Judy Rodman - All Things Vocal Blog

Training & insights for stage and studio singers, speakers, vocal coaches and producers from professional vocal coach and author of "Power, Path & Performance" vocal training method. Download All Things Vocal podcast on your fav app!

Monday, June 14, 2021

How to Practice Your Voice Without Irritating the Neighbors - UPDATED 2021

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I received a very practical question in my email ... Julia in Albuquerque asks,
I live in an apartment complex and like to practice at night. What should I do about the noise? 
Singers sometimes need to do vocal warmups and practice songs in hotel rooms, houses shared by others or on postage stamp lots, artist dressing rooms, public bathrooms, between-set-alleys, band buses, a back corner of the venue itself. How can you do this without annoying neighbors or giving away the sound of your not-yet-warmed-up-voice? Here are some suggestions:

Quietest solution:

Silence! Mime or lip-sync your songs. Use your facial and body language, flex your pelvic floor power, do everything but make a sound. Use silent vocal exercises like lip or tongue trills - try the "Mental Body/Voice Connection Routine" which is in my 6-disc Power, Path & Performance vocal training course. Tell you what; I'll just give it to you as a signup bonus right now! (If you don't see this signup box below, go to the blogpost site online

Cheapest audible solution:

Consider getting a pair of HearFones. These gadgets are like having a PA system that requires no electricity or batteries. Wearing them will also have the added benefit of keeping you from using too much air pressure. You won't push your voice loudly because it will sound like yelling at yourself! So you'll most probably be prompted to use better techniques for opening your throat and balancing breath support and control. A win-win for you AND your neighbors!

Good will/kindness solution:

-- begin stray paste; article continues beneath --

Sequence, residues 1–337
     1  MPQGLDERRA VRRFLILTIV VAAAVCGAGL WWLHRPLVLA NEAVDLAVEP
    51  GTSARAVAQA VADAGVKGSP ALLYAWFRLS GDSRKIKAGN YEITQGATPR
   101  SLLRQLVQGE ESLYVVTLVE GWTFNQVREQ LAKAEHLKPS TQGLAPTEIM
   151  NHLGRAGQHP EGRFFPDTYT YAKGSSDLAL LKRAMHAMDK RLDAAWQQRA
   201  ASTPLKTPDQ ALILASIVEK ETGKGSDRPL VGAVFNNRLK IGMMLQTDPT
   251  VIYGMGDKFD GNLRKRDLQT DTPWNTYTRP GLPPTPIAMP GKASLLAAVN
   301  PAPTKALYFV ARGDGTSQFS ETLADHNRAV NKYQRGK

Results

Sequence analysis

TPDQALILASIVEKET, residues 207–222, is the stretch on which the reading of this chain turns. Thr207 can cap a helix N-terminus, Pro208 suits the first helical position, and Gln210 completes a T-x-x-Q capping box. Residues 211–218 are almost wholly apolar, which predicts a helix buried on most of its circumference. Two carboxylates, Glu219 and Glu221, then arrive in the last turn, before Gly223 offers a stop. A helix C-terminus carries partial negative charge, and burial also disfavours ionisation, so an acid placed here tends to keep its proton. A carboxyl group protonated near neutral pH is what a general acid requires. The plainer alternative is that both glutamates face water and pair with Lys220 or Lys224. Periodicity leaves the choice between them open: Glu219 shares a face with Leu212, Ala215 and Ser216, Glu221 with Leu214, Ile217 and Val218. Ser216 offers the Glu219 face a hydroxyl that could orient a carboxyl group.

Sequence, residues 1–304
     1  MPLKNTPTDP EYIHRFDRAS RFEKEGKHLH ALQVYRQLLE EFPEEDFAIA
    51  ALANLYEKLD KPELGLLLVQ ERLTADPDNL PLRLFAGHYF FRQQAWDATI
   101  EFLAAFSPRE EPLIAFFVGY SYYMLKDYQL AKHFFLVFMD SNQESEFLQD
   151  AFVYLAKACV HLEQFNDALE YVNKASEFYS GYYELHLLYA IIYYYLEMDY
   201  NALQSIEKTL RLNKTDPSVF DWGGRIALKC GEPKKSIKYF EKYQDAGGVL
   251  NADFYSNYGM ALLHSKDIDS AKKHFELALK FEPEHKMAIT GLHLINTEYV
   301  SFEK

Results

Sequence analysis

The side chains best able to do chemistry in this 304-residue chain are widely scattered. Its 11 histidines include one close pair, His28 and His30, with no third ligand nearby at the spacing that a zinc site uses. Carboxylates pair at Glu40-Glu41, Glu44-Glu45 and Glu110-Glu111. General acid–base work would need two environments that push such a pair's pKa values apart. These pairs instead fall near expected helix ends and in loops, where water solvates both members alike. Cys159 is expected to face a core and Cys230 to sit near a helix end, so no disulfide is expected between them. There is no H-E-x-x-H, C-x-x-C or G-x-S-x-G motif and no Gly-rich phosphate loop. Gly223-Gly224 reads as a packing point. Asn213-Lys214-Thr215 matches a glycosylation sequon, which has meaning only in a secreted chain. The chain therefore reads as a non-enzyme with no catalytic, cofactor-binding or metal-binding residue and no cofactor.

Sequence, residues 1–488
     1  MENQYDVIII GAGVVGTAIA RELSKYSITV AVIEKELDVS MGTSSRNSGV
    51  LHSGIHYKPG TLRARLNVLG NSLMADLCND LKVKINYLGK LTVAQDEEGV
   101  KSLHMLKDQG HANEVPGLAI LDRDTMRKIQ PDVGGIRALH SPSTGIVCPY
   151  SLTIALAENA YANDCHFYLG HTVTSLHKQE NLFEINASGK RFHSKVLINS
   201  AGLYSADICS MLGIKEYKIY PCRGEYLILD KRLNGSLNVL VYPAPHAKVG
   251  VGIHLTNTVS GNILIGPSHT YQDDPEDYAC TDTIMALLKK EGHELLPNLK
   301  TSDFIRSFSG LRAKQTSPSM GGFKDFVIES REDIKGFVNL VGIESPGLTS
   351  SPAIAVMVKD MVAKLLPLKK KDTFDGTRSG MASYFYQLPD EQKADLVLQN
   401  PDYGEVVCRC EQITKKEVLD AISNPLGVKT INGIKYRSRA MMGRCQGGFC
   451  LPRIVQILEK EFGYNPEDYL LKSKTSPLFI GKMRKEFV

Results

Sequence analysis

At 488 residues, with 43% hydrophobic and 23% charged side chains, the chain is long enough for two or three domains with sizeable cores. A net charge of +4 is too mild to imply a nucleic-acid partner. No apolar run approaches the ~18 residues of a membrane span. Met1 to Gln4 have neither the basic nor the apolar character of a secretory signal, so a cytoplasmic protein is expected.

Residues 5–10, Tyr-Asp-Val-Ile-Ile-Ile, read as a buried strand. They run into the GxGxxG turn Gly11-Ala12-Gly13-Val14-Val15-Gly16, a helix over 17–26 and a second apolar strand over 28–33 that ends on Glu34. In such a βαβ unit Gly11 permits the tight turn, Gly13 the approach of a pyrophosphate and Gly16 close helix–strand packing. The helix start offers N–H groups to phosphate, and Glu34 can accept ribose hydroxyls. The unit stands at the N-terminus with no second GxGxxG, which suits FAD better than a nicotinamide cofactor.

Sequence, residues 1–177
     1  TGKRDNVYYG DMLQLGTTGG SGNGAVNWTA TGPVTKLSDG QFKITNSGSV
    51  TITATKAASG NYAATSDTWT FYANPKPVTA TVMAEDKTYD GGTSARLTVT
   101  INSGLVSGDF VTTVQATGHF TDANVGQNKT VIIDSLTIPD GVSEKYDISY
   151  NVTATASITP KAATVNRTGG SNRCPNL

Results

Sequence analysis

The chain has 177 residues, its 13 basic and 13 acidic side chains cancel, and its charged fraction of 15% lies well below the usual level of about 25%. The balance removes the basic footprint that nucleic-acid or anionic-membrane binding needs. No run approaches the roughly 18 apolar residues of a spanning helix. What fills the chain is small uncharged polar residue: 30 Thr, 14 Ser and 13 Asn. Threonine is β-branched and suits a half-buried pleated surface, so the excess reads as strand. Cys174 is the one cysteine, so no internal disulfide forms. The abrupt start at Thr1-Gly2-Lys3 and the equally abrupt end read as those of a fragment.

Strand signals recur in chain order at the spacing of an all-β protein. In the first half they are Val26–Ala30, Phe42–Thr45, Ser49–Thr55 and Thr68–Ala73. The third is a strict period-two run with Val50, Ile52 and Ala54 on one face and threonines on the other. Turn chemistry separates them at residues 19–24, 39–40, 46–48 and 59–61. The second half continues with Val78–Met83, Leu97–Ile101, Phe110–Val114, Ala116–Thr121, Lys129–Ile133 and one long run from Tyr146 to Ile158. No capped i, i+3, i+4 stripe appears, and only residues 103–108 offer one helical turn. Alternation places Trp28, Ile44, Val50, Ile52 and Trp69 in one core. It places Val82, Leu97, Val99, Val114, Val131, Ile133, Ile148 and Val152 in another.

Try garnering a little good will by contacting and alerting neighbors about when you intend to practice, being willing to work around times they especially need quiet (working night shift and need to sleep, baby's napping, etc). If you're singing with your instrument or your band is joining you for rehearsal, try using quiet practice gear and maybe some headphones. Your neighbors (and family) could become supportive friend-fans and organic show promotors!

Location solutions:

  • For an apartment, hotel room or space you don't own, you can try warming up and singing in the shower! You can also try vocalizing into a pillow or window curtains.  However, don't practice in 'guarded stance'. A hunched over, too-careful posture and numb delivery could lead you into bad vocal technique, causing you to tighten up instead of loosen up!
  • You can always practice in your car... but if you practice correctly you must be mindful of how you are singing. SO.... don't tailgate, stay away from other cars, or better yet... park and sing! Oh and don't let your posture slump. 
  • For your home, you might consider dedicating a space for playing/listening to/practicing music. In my home, my music room is located over my garage, and there is carpet on the floor. It really is a great situation for me and my students. So is, of course, the fact that I'm mostly working online with lessons, background vocals and production right now.

High end solutions

If you want to go the whole distance (and have the funds to do so); 
OK you... now go practice! Got neighbors? Where there's a will there's a quiet way:)

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  • At April 28, 2014 at 8:36 AM , Anonymous Julia Bowen said...

    Thank you, Judy!!! As always, great suggestions!! You have made such a difference in my vocal career : )

  • At April 29, 2014 at 10:44 AM , Blogger Judy Rodman said...